# Thread: An easy infinite series

1. ## An easy infinite series

I must look pathetic, but I'm beginning with infinite series.
I invented to myself a very easy infinite series that I must determine its convergence. (I'm sure it converges even if I'm not able to prove it!).
The series is : $\displaystyle \sum_{i=1}^{+\infty} \frac{i}{3^i}$.
I tried the ratio test, writing down $\displaystyle a_i$ and $\displaystyle a_{i+1}$, dividing $\displaystyle a_i$ by $\displaystyle a_{i+1}$ I finally got $\displaystyle \frac{3i}{i+1}$. Taking the limit when $\displaystyle i$ tends to $\displaystyle +\infty$ I got $\displaystyle 3$. As $\displaystyle 3>1$, the series diverges. Where is my mistake? Also, I would like to know if I can know to what number it converges.

2. Originally Posted by arbolis
I must look pathetic, but I'm beginning with infinite series.
I invented to myself a very easy infinite series that I must determine its convergence. (I'm sure it converges even if I'm not able to prove it!).
The series is : $\displaystyle \sum_{i=1}^{+\infty} \frac{i}{3^i}$.
I tried the ratio test, writing down $\displaystyle a_i$ and $\displaystyle a_{i+1}$, dividing $\displaystyle a_i$ by $\displaystyle a_{i+1}$ I finally got $\displaystyle \frac{3i}{i+1}$. Taking the limit when $\displaystyle i$ tends to $\displaystyle +\infty$ I got $\displaystyle 3$. As $\displaystyle 3>1$, the series diverges. Where is my mistake? Also, I would like to know if I can know to what number it converges.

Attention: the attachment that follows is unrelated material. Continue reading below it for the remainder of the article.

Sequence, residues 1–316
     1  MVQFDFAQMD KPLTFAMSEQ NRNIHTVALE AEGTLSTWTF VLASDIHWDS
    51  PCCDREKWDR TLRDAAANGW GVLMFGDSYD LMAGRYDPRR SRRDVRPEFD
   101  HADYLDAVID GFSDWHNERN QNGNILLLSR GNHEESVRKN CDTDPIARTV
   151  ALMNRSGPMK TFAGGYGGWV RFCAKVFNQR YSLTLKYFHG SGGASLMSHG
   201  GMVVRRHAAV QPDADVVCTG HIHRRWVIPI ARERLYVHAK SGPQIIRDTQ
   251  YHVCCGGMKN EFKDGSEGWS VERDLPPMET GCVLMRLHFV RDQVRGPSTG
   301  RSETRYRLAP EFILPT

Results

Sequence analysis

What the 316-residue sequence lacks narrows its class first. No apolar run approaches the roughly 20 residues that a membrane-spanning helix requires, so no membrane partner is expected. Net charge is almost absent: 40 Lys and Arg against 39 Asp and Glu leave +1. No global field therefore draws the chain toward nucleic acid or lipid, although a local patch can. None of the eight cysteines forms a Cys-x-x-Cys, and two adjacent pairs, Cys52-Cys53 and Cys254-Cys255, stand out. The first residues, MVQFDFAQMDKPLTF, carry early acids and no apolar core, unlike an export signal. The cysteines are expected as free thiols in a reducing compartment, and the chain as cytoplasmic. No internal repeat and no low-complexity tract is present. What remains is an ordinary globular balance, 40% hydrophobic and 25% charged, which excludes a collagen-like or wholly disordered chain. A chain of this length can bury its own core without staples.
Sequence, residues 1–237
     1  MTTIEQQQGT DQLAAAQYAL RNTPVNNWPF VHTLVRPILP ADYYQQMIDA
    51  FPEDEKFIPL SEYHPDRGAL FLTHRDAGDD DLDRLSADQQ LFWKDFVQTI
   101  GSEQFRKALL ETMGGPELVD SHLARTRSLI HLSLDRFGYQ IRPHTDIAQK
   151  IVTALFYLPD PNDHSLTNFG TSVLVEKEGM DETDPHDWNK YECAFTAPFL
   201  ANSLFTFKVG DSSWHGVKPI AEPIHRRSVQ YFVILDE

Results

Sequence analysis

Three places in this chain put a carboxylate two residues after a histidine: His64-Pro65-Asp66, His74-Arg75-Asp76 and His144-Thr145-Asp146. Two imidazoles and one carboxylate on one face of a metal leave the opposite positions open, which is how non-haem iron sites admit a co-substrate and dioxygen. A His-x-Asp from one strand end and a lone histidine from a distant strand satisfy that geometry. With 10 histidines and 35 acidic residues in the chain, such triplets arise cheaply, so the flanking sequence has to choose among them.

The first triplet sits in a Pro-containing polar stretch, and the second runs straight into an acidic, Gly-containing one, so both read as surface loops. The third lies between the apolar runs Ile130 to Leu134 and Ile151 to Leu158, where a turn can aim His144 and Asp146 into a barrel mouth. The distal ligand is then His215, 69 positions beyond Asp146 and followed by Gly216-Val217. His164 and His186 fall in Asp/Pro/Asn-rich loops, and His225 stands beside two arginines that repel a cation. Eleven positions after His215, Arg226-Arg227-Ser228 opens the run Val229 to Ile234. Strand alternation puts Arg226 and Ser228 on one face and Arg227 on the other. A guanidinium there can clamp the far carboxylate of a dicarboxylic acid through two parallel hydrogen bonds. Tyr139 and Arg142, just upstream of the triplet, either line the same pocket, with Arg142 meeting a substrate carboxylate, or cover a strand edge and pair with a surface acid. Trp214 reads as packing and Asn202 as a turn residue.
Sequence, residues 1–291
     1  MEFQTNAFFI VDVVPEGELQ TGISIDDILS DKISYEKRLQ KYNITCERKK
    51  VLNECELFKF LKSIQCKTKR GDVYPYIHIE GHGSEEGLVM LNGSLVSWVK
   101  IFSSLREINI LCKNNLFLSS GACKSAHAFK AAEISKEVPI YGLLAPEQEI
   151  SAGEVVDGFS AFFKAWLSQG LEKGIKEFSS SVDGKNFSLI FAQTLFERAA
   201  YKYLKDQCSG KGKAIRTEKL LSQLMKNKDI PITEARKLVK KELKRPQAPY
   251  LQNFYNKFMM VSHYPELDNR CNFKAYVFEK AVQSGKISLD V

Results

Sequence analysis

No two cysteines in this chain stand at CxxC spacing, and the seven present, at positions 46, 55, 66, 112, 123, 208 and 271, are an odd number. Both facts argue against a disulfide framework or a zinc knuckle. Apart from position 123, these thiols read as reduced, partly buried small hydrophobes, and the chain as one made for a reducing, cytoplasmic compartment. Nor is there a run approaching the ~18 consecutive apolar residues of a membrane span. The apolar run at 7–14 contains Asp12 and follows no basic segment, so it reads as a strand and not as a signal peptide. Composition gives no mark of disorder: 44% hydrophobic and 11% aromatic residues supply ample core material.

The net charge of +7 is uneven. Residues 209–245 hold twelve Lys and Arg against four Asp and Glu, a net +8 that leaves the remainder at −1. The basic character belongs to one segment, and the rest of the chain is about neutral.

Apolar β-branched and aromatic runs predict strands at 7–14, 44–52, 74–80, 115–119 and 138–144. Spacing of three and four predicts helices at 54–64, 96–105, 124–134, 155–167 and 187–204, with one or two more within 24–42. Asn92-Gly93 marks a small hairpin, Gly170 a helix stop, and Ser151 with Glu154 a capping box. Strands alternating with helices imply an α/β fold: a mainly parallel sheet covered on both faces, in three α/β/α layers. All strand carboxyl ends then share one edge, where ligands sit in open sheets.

Root test

$\displaystyle \lim_{i\to\infty}\bigg(\frac{i}{3^i}\bigg)^{\frac{ 1}{i}}=\lim_{i\to\infty}\frac{i^{\frac{1}{i}}}{3}= \frac{1}{3}<1$

thus convergent

3. Originally Posted by arbolis
I must look pathetic, but I'm beginning with infinite series.
I invented to myself a very easy infinite series that I must determine its convergence. (I'm sure it converges even if I'm not able to prove it!).
The series is : $\displaystyle \sum_{i=1}^{+\infty} \frac{i}{3^i}$.
I tried the ratio test, writing down $\displaystyle a_i$ and $\displaystyle a_{i+1}$, dividing $\displaystyle a_i$ by $\displaystyle a_{i+1}$ I finally got $\displaystyle \frac{3i}{i+1}$. Taking the limit when $\displaystyle i$ tends to $\displaystyle +\infty$ I got $\displaystyle 3$. As $\displaystyle 3>1$, the series diverges. Where is my mistake? Also, I would like to know if I can know to what number it converges.
Also by ratio test

$\displaystyle \lim_{i\to\infty}\bigg|\frac{i+1}{3\cdot{3^i}}\cdo t\frac{3^i}{i}\bigg|=\lim_{i\to\infty}\bigg|\frac{ i+1}{3i}\bigg|=\frac{1}{3}$

Remember the ratio and root test always yield the same number

4. You can use the geometric series formula.

$\displaystyle \sum_{i=1}^{\infty}\frac{i}{3^{i}}=\frac{1}{2}\cdo t\frac{1}{1-\frac{1}{3}}=\frac{3}{4}$

5. Originally Posted by galactus
You can use the geometric series formula.

$\displaystyle \sum_{i=1}^{\infty}\frac{i}{3^{i}}=\frac{1}{2}\cdo t\frac{1}{1-\frac{1}{3}}=\frac{3}{4}$
But this is not geometric, it has an extra term in it. It happen to the the derivative of the geometric series.